|Keywords:||Ethiopian highlands; precipitation; moisture transport; wind; Natural Sciences; Naturvetenskap; Natural Sciences; Earth and Related Environmental Sciences; Oceanography, Hydrology, Water Resources; Naturvetenskap; Geovetenskap och miljövetenskap; Oceanografi, hydrologi, vattenresurser; Kandidatprogram i geovetenskap; Bachelor Programme in Earth Science|
|Full text PDF:||http://urn.kb.se/resolve?urn=urn:nbn:se:uu:diva-252771|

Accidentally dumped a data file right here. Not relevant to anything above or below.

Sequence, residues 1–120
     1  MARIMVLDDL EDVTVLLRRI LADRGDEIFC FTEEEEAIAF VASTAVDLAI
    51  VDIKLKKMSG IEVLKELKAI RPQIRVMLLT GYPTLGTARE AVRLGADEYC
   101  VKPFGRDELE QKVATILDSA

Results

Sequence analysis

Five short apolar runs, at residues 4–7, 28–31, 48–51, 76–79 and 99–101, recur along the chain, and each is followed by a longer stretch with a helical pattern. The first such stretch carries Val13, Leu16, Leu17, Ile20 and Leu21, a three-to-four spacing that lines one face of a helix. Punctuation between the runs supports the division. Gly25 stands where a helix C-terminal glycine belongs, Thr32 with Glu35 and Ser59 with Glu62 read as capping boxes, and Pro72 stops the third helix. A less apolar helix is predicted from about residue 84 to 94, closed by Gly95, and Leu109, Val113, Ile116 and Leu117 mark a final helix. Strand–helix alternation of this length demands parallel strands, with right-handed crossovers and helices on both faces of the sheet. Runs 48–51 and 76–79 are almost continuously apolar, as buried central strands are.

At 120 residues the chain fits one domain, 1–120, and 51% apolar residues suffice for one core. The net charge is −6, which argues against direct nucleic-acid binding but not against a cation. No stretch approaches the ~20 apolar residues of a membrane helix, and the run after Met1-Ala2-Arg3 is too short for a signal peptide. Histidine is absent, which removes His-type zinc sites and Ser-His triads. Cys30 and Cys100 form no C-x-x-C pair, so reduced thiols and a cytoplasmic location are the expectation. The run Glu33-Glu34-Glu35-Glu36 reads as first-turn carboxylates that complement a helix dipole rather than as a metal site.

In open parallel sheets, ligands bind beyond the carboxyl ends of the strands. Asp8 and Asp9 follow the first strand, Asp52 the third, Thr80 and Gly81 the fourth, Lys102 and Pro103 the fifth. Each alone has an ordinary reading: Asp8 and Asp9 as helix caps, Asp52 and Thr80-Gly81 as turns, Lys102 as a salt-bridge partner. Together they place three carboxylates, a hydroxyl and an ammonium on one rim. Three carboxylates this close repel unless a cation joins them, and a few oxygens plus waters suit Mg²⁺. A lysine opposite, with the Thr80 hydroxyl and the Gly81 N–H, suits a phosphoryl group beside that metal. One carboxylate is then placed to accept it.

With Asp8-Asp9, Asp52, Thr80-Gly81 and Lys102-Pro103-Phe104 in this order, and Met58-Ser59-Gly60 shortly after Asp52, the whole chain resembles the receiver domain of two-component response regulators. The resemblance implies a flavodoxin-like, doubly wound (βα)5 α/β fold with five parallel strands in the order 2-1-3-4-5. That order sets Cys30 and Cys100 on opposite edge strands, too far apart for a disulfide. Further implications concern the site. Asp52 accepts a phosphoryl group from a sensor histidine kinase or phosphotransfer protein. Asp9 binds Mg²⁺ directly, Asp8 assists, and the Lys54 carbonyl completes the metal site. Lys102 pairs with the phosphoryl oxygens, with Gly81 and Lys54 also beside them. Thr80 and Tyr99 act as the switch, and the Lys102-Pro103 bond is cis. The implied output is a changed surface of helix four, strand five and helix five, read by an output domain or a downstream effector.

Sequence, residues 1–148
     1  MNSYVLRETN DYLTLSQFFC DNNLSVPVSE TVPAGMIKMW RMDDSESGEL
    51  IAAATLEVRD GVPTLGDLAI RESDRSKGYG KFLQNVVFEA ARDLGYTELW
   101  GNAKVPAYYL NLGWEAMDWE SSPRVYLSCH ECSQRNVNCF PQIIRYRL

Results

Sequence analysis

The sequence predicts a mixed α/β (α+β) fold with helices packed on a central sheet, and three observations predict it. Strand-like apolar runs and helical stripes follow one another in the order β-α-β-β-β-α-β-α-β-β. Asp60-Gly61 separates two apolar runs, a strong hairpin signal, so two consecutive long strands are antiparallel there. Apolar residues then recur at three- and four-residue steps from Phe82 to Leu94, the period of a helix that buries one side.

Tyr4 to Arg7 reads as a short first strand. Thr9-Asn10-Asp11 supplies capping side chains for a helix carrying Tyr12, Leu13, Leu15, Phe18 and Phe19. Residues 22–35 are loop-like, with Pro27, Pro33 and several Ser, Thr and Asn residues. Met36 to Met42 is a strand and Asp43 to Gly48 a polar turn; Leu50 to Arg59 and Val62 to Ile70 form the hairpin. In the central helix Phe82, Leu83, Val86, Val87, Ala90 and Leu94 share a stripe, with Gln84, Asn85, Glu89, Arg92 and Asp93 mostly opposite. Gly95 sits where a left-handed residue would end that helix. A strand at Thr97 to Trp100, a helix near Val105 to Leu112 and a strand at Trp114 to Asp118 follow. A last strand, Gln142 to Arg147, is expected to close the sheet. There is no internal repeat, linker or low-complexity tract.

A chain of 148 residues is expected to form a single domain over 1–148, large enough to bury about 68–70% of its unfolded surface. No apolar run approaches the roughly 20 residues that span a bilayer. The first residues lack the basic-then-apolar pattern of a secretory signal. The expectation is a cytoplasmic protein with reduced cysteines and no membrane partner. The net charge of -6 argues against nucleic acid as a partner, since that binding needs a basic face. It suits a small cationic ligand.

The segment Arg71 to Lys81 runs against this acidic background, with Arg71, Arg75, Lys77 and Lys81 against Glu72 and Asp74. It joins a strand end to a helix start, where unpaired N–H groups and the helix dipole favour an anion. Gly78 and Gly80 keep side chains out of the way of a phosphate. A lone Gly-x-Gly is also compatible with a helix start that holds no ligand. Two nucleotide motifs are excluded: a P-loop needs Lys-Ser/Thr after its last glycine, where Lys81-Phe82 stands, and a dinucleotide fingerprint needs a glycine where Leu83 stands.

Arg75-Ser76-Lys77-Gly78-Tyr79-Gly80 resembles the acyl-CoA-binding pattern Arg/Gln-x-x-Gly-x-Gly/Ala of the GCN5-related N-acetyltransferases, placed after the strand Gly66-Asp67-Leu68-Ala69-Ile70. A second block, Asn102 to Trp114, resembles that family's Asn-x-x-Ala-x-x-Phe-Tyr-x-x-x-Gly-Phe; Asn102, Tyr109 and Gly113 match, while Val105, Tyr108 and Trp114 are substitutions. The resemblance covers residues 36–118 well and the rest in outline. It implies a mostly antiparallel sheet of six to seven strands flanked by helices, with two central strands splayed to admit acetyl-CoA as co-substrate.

The purpose of this essay is to investigate the origin of the large amount of precipitation that is present in the northern Ethiopian Highlands. With Moisture transport into the Ethiopian Highlands by Ellen Viste and Asgeir Sorteberg as a base, this essays intents to compare the same data but by focusing on a much smaller time scale. This frame was chosen to see if the data would deviate (i.e. a small and specific time scale versus a large and general time scale). Whilst the investigation by Viste and Sorteberg focuses on the two most rain rich months, July and August during 1998-2008, this essay focuses on only July during 2008. To investigate where the precipitation originates from, this essay has analyzed different meteorological parameters such as horizontal and vertical winds at different altitudes and the moisture content of these winds. This essay has like Viste’s and Sorteberg’s paper used ERA-Interim data as a basis. However the course of action has differed. This essay has made conclusions by visually drawing conclusions by studying the data images while Viste and Asgeir have drawn their conclusions by backtracking the wind to its origin. This investigations results showed that great amounts of moisture were transported into the highlands from the south-west, and to some extent also from the north. While the moisture transport from the south-west was large due to the level of moist in the air, these winds where fairly small and at low altitudes. The winds from the north were visible at higher altitudes and were stronger, however they carried much less water vapor. However, exactly how much each of these winds actually contributed to producing rain is more difficult to say. The results from Viste and Asgeir (2011) showed that the amount of moist that was transported into the highlands were about 46 percent more from the north compared to from the south. The contribution to moisture release within the area was however almost equally great from north and south. Both investigations thus showed that the largest amount of moist was transported from the south and north. What this study did however not address was how large amount of the entire moist that had contributed to rain. One anomaly of large amounts of precipitation was registered on the 20<sup>th</sup> of July 2008. This study looked closer into this which showed that large winds were registered this date as well as an upwind cell. One can presume that these winds carried large amounts of moisture, which previous results has shown, and that this might be an explanation to the large amount of precipitation that was measured on the 20<sup>th</sup> of July.